Electrochemical Impedance Spectroscopy

Electrochemical Impedance Spectroscopy (EIS) offers a non-destructive route to in-situ analysis of the dynamic processes occurring inside a battery by measuring the complex impedance.

Meddings et al [1] look at and describe an idealised Nyquist plot of an EIS measurement:

  • The inductive behaviour observed in the upper frequency range (blue background) of the spectrum can be an artefact of the measurement system and the cell:
    • wires connecting the cell to the measuring device
    • geometry of the cell
    • cell windings
  • The high-frequency intercept with the real axis, when the inductance effect is properly subtracted, corresponds to the sum of internal ohmic resistances, including:
    • electrolyte
    • active material
    • current collectors
    • electrical (metallic) contacts
  • The arcs appearing in the mid-frequency range (green background) are primarily due to the electrochemical processes occurring at the electrode/electrolyte interfaces inside the cell, which combine resistive and capacitive effects. At each electrode, lithium transport through the solid electrolyte interphase (SEI) occurs in parallel with dielectric polarisation, and lithium (de-)intercalation occurs in parallel with double layer (dis)charging. Thus there are contributions from at least four different processes
    • anode charge transfer
    • anode SEI
    • cathode charge transfer
    • cathode SEI
    • However, some research works suggest a possible additional contribution of the current collector/active material contacts in commercial cells.
  • The low-frequency tail mainly reflects solid state lithium ion diffusion in the active material of the cell electrodes, although other diffusion aspects (e.g., diffusion in electrolyte-filled pores within the electrodes and concentration gradients within the separator) have been considered.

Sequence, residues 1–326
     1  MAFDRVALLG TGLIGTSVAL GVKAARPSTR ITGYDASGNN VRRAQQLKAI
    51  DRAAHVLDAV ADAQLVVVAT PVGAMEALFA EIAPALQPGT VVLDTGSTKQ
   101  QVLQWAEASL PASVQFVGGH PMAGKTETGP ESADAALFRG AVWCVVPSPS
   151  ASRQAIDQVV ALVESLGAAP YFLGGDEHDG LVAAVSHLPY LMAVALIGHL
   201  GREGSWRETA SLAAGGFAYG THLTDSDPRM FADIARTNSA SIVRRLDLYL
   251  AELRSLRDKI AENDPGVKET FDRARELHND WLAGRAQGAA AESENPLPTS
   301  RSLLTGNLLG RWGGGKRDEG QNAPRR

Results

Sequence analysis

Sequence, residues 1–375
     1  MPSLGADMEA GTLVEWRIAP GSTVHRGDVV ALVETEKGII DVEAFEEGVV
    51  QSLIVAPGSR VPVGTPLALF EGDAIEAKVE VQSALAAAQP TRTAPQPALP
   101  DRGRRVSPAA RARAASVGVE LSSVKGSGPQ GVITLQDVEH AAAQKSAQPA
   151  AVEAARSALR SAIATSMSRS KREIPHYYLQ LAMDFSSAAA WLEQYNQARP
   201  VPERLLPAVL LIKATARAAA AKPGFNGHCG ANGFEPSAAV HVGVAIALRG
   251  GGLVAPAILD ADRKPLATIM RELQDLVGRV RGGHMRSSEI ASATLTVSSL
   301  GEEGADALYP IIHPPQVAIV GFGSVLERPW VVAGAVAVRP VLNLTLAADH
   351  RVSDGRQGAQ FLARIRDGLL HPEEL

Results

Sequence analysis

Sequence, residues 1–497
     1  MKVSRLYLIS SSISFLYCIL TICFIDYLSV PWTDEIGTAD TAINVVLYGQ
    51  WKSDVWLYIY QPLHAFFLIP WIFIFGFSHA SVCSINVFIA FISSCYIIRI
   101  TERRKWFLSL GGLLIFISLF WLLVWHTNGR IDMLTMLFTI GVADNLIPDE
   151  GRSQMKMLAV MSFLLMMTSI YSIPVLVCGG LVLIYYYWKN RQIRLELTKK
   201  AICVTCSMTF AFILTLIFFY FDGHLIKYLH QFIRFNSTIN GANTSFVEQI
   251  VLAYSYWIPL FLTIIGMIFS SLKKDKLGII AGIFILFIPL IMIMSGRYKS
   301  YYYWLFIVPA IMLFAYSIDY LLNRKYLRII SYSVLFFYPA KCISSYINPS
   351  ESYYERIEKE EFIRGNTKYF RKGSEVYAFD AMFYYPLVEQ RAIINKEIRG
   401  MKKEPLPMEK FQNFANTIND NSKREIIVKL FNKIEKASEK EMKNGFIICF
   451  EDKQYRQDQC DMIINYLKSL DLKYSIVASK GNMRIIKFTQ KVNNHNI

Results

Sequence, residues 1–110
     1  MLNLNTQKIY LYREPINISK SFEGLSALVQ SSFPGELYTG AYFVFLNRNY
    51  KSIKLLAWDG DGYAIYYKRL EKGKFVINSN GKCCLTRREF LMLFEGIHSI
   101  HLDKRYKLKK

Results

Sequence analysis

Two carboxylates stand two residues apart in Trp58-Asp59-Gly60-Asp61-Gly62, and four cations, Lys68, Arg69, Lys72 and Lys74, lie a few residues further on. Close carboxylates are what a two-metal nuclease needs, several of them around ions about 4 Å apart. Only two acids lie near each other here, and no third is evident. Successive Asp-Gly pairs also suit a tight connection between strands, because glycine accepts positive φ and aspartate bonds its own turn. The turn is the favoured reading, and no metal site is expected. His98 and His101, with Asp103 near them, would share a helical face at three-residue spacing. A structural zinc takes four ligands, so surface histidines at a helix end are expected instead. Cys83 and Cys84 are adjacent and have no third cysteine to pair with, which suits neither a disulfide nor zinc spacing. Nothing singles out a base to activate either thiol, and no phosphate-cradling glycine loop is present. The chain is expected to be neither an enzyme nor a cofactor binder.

The Alexandros Ch. Lazanas and Mamas I. Prodromidis EIS Tutorial [2] gives a detailed overview of Electrochemical Impedance Spectroscopy from the theoretical background through the principles of measurement and interpretation to applications of it’s use.

Meddings et al [1] look at how the EIS spectra change based on four parameters:

  1. different potentiostatic or galvanostatic excitation signal amplitudes in the 1 kHz – 10 mHz frequency range at 23 °C.
  2. Variation with SOC of the impedance spectrum.
  3. Variation with temperature of the impedance spectrum.
  4. EIS spectra at SOC 50 % and 25 °C in the 1 kHz – 100 mHz frequency range, after selected cycles at 1C.

Note: these spectra are from different studies and included here as an indication of how the spectra change under different input parameters.

The EIS measurement is particularly difficult in terms of repeatability and hence it is worth reading the work of Anup Barai et all [3]. Hallemans et al [4] take the technique to the next level by looking at the information that can be extracted from measurements of EIS of a cell in use.

References

  1. Nina Meddings, Marco Heinrich, Frédéric Overney, Jong-Sook Lee, Vanesa Ruiz, Emilio Napolitano, Steffen Seitz, Gareth Hinds, Rinaldo Raccichini, Miran Gaberšček, Juyeon Park, Application of electrochemical impedance spectroscopy to commercial Li-ion cells: A review, Journal of Power Sources, Volume 480, 2020
  2. Alexandros Ch. Lazanas and Mamas I. Prodromidis, Electrochemical Impedance Spectroscopy─A Tutorial, American Chemical Society, 2023
  3. Barai, Anup, Chouchelamane, Gael H., Guo, Yue, McGordon, Andrew and Jennings, P. A. (Paul A.) (2015) A study on the impact of lithium-ion cell relaxation on electrochemical impedance spectroscopy. Journal of Power Sources, Volume 280 . pp. 74-80
  4. Hallemans, Noël, Widanage, Widanalage Dhammika, Zhu, Xinhua, Moharana, Sanghamitra, Rashid, Muhammad, Hubin, Annick and Lataire, John (2022) Operando electrochemical impedance spectroscopy and its application to commercial Li-ion batteries. Journal of Power Sources, 547 . 232005

cell resistance vs temperature

DCIR of a Cell

The DCIR of a cell is the Direct Current Internal Resistance. This is the resistance in charge and discharge to a direct current demand applied across the terminals.